Paperback, 306 pages
Published April 10th 2014 by Hodder & Stoughton
It’s certainly a relevant point to say that the SFF genre, as a whole, has a need for some diversity. We have no problem believing, accepting, and creating fanciful alternative worlds, continents, planets, the works – however, we always seem to create these in an caucasian-centric, Western-style world. Sure, Westeros, Elan, or any of the other magical worlds we know and love are interesting, unique, even extremely creative. But at the end of the day, they’re still Western worlds, with Western people and cultures.
Which is all well and good, most of the time. It’s tried and true, it’s popular and it’s worked, and us white folk are plenty comfortable with it, because it’s what we know. However, at this point in time, it seems like we should be able to diversify a bit, and appreciate other cultures, appreciate their lore and customs, and appreciate the people and places that exist outside of our western world. And it stands to reason that we should be able to come up with some creative, non-anglo worlds, does it not?
One would think.
However, the unfortunate truth in my reading world is that many of these are not successful. I adore the idea of an African, Asian, or Middle-Eastern set and fashioned fantasy. There’s a huge pile of untapped lore, culture, settings and styles that are waiting to be tapped and used in this genre of literature, and interesting and compelling novels are desperately needed in these areas. Some novels have come out in these settings that have been successful in my eyes – Ken Liu’s The Grace of Kings was wonderful. Guy Gavriel Kay’s River of Stars and Under Heaven are great, albeit not heavy on the culture of the area. Unfortunately, I’ve had qualms with many of the other books in Eastern/African settings – books such as Throne of the Crescent Moon, The Black God’s War, or The Emperor’s Knife offered a glimpse of greatness, the possibilities of these settings, but just did not *click* for me, did not put all the pieces together.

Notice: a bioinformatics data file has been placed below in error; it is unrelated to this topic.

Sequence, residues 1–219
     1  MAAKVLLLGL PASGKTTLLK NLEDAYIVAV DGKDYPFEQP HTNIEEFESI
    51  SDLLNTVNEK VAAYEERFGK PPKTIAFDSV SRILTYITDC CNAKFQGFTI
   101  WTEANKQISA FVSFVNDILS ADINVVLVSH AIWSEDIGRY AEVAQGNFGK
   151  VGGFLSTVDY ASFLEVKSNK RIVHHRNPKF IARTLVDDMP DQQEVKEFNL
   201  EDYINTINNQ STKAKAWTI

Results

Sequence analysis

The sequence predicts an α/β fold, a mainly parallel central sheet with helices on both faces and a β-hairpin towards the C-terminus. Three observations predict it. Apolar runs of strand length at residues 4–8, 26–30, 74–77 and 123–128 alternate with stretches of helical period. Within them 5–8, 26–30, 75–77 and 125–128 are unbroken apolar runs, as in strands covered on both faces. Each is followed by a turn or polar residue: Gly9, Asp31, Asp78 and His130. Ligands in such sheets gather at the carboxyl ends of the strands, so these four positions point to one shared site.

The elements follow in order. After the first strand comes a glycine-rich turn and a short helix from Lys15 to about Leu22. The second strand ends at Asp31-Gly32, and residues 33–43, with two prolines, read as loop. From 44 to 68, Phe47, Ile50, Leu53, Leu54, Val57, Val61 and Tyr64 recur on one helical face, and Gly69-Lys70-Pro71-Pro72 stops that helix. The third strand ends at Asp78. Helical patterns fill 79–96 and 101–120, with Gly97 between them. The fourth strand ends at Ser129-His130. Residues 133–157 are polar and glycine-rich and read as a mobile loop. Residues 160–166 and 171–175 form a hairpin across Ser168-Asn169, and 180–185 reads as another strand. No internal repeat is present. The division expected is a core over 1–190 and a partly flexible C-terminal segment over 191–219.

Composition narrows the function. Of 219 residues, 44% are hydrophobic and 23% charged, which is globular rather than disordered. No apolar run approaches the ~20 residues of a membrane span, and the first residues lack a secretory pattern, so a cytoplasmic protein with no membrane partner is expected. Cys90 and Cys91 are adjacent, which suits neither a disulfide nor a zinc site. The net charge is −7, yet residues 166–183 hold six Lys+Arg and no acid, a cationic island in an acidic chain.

Alas, Lagoon again was full of potential – Nnedi Okorafor is someone who I’ve read about quite a bit, read samples of some of her work, and find her to be an interesting and cool person. She’s the daughter of Nigerian immigrants, a scholar in many writing-related fields, and has won many awards for her work. Naturally, I had very high hopes coming into Lagoon, and hoped it would be a successful African culture fantasy that would help springboard me into more similar works. However, it didn’t quite hit that mark for me.
The plot of Lagoon centers around 3 main characters, as well as a handful of ancillary characters, of varying levels of interest. They happen to be at the same place at the same time, when mysterious aliens land outside the city of Lagos, Nigeria. Much of the book is spent introducing these aliens, and trying to complete their request of getting them to the Nigerian president. This is essentially the crux of the entire story.
It sounds interesting in theory, but unfortunately, the ‘in theory’ is the extent of it. Lagoon is a relatively short novel, however it attempts to wedge a lot into those pages. I say “attempts” simply because it’s just not successful in this venture. So many cultural commentary pieces, human rights, political and religious corruption, human nature and a plethora of other social and ecological issues are introduced, but very few play a significant enough part, and it sometimes feels like ideas are brought up just so they are present in the book, without serving much purpose.